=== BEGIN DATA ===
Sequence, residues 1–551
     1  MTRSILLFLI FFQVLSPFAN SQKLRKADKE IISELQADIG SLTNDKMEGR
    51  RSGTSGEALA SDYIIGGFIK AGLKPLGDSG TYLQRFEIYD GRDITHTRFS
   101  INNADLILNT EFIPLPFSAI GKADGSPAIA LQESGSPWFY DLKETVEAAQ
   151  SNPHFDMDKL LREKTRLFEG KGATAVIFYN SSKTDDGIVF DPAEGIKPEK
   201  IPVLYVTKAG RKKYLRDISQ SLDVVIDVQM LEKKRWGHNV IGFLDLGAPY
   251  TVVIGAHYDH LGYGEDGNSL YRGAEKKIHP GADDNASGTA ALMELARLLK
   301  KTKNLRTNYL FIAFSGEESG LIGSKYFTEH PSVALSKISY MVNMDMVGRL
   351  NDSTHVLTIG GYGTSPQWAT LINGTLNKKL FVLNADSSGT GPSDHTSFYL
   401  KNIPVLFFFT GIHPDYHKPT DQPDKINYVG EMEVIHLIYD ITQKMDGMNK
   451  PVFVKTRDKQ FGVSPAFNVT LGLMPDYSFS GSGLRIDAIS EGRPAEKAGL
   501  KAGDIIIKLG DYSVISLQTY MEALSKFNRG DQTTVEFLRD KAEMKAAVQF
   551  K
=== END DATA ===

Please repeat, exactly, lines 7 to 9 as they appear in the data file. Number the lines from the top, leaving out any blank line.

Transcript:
   251  TVVIGAHYDH LGYGEDGNSL YRGAEKKIHP GADDNASGTA ALMELARLLK
   301  KTKNLRTNYL FIAFSGEESG LIGSKYFTEH PSVALSKISY MVNMDMVGRL
   351  NDSTHVLTIG GYGTSPQWAT LINGTLNKKL FVLNADSSGT GPSDHTSFYL